Israel's Haredi Schools Get Standardized Testing? As YNet reports, Israel's ultra-Orthodox religious schools, which receive public money, will have to take standardized tests -- as ordered by the Supreme Court. A judge said that such schools "should start taking things seriously, or face the consequences." Why, you ask, do I bring you news from across the planet? It's an interesting parallel to an ongoing debate on our own soil. In the U.S., there has been much talk over whether private schools that receive public-school vouchers or tax credits should be held to the same standards as their public school peers. Obviously the structure is different, and in Israel there's no public-private distinction between the schools. But it's still fascinating to watch.
The nation's second-largest school district is at the center of a broader battle over the future over education reform. Since 2010, Superintendent John Deasy has run the district, implementing policies consistent with the national "education reform" movement, which pushes things such as test-based teacher evaluations and charter schools. But if the composition of the school board changes significantly, Deasy could be fired.
Netflix Reauthorizes No Child Left Behind? Or so quips this EdWeek headline. Real-life Congress hasn't yet reauthorized NCLB (since 2007!), but characters on the Netflix series "House of Cards" do. "[Writer Beau] Willimon noted on Twitter that he hinged the plot on education because it affects us all directly and indirectly, and because of the contention that often revolves around education reform," EdWeek writes. Read the full story for a taste of which education fights the show covers. My take: Obviously TV isn't reality, but there are a few major inaccuracies. The most glaring one in my eyes is that teachers unions can't legally hold a national strike over some federal legislation they dislike!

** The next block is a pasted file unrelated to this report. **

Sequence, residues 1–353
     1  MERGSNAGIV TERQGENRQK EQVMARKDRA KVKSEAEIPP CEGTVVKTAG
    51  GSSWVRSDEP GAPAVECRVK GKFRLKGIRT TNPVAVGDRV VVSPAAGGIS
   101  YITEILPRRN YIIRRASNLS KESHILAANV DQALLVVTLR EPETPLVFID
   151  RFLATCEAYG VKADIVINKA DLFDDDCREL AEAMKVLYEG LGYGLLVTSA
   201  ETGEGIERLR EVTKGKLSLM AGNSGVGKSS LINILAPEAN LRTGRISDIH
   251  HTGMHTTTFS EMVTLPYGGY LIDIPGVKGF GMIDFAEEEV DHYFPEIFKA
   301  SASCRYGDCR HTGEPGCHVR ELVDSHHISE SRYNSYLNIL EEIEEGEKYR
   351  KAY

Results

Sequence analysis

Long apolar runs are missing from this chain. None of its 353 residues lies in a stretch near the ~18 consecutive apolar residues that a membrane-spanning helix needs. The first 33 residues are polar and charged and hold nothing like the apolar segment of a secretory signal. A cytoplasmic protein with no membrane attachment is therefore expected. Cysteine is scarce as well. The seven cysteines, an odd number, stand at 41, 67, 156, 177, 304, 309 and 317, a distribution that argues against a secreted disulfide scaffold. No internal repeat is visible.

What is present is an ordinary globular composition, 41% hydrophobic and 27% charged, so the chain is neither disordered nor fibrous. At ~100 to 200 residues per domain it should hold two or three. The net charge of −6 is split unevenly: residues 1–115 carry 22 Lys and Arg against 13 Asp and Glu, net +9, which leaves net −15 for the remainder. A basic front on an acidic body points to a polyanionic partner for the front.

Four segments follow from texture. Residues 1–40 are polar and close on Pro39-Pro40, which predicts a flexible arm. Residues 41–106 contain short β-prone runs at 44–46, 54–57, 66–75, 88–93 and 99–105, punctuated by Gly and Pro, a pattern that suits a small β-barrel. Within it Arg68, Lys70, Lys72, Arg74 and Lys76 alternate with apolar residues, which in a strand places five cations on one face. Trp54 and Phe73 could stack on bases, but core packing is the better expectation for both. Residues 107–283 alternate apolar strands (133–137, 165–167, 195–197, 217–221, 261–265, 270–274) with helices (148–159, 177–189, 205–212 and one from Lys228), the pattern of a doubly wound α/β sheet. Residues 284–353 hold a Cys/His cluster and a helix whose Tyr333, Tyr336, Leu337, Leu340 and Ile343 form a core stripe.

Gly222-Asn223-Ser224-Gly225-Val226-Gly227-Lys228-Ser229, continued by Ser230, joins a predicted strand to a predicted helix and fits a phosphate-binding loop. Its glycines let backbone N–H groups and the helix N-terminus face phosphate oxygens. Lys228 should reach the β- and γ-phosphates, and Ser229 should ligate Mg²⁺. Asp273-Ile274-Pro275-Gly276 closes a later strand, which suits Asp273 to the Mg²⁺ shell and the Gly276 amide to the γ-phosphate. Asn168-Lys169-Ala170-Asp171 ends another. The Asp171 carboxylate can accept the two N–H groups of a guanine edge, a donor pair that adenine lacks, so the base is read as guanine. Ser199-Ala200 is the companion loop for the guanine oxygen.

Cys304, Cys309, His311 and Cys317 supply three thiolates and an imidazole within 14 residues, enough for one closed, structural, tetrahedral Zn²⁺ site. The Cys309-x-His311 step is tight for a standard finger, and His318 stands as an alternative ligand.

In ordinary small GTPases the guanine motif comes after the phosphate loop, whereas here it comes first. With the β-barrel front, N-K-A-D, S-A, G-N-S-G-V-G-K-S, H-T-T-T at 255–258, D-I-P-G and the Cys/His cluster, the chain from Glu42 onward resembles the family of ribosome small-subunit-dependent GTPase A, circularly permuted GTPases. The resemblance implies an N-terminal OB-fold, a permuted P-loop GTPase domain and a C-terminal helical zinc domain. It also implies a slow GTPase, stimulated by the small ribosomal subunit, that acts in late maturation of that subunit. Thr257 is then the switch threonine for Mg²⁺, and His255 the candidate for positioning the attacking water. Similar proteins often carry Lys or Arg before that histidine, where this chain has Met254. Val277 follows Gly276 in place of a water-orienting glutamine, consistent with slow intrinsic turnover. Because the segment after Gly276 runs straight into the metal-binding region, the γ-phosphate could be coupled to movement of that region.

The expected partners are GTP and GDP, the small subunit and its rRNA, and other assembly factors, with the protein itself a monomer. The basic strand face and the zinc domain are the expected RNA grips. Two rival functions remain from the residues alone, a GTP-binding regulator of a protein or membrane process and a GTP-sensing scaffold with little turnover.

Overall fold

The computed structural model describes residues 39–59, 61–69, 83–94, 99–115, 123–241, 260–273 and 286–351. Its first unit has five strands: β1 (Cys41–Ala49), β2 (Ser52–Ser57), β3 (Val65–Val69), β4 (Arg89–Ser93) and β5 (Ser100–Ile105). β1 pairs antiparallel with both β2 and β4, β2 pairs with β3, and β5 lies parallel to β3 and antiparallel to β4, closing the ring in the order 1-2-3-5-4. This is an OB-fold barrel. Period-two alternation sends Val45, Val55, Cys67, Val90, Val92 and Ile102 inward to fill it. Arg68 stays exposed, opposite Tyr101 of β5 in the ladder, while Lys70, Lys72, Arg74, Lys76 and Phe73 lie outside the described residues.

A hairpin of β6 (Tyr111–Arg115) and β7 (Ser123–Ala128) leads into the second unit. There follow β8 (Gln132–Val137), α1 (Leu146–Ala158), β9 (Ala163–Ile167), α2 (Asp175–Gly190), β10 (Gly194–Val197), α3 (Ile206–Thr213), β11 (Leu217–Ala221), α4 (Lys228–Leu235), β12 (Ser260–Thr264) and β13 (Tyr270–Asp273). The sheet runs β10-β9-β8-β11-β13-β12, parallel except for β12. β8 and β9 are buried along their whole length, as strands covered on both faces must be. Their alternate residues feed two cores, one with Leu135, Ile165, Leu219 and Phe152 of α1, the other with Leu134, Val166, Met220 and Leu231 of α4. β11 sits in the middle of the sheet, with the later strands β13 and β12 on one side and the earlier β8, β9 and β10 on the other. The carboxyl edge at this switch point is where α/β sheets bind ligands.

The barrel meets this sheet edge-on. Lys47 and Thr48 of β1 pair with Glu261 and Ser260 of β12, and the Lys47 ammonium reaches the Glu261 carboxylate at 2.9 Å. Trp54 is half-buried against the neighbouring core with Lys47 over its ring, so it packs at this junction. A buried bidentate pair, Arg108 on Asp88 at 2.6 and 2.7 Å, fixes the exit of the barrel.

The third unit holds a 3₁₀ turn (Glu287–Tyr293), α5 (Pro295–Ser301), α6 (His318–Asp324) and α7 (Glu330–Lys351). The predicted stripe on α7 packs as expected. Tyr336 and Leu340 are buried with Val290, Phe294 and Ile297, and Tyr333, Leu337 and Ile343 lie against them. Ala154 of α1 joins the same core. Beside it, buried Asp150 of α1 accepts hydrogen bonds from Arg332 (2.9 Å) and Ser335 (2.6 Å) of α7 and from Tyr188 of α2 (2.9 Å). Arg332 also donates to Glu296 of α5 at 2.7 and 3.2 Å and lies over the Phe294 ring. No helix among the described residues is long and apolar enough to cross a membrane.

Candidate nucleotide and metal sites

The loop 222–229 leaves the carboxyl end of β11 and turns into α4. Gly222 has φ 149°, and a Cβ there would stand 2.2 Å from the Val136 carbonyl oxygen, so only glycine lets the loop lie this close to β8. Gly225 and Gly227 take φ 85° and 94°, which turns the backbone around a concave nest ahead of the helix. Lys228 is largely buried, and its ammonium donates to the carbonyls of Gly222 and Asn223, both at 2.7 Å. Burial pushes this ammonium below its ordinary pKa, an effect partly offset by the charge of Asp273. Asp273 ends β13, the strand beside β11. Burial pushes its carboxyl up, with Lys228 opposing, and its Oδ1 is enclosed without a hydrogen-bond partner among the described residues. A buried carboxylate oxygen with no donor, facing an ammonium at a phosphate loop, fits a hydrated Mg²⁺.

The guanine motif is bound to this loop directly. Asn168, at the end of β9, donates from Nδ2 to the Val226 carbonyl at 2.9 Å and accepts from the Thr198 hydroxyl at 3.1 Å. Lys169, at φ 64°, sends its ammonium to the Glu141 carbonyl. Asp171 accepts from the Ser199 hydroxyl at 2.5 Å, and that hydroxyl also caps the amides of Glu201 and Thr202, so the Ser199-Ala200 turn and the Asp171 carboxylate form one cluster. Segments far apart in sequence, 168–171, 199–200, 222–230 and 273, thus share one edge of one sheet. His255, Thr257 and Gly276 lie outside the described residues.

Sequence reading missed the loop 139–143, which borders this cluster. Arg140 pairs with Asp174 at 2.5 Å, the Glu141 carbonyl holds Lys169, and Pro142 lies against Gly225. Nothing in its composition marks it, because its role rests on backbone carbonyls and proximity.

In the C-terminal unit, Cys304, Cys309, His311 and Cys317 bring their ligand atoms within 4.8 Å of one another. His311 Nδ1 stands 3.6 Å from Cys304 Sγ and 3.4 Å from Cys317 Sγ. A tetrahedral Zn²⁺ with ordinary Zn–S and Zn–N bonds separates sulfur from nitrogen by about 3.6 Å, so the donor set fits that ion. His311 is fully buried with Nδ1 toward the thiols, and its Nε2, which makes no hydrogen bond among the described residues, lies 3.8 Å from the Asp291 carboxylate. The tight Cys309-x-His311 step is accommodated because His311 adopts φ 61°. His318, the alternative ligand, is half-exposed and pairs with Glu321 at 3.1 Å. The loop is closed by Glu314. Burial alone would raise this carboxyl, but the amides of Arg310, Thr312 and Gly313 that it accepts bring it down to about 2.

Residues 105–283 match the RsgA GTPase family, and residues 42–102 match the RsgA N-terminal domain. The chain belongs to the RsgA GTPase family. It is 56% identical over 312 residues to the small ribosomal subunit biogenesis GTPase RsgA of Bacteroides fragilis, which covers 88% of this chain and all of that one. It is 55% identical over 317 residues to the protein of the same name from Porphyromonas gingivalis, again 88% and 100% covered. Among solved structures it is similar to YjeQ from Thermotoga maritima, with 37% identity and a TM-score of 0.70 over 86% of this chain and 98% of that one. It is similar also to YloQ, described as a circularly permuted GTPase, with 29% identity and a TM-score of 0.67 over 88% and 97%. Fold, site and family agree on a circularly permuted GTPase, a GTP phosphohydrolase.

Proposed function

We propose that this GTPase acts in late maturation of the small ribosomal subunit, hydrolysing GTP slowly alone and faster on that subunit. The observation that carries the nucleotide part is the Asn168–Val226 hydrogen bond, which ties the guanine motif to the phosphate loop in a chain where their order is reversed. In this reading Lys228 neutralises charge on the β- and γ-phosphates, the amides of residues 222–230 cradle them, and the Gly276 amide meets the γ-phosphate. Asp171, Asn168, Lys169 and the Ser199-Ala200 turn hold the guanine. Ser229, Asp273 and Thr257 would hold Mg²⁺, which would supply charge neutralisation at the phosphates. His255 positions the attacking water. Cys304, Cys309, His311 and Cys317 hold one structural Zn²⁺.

Gates's Gigantic Growth? Michigan State University Professor Sarah Reckhow takes a look at the Bill & Melinda Gates Foundation's funding patterns over on Alexander Russo's blog. "The decade from 2000 to 2010 was a time of enormous growth and evolution for the Gates Foundation," Reckhow writes. "Warren Buffett's pledge of more than $30 billion substantially increased the Gates Foundation's resources, and grant-making more than doubled from 2005 to 2009. Even more marked are the Foundation's dramatically shifted priorities." Over the years, Gates has shifted its money from directly funding schools to instead subsidizing research, advocacy and activism.
Last night, former Washington, D.C. schools chancellor Michelle Rhee stopped by The Daily Show to promote her memoir, "Radical." Host Jon Stewart's mother is a teacher, so he pressed Rhee on many of these policies, especially his (and teachers') dissatisfaction with the heavy emphasis on standardized tests.
Randi Weingarten, president of the American Federation of Teachers, visited the White House Wednesday to contribute to the administration's discussions on gun control policy and school safety in light of the horrific Newtown elementary school shooting in December. The AFT has shared Weingarten's recommendations with HuffPost. They include things like gun safety legislation and mental health services for students, and letting schools make their own decisions when it comes to the question of cops in their buildings.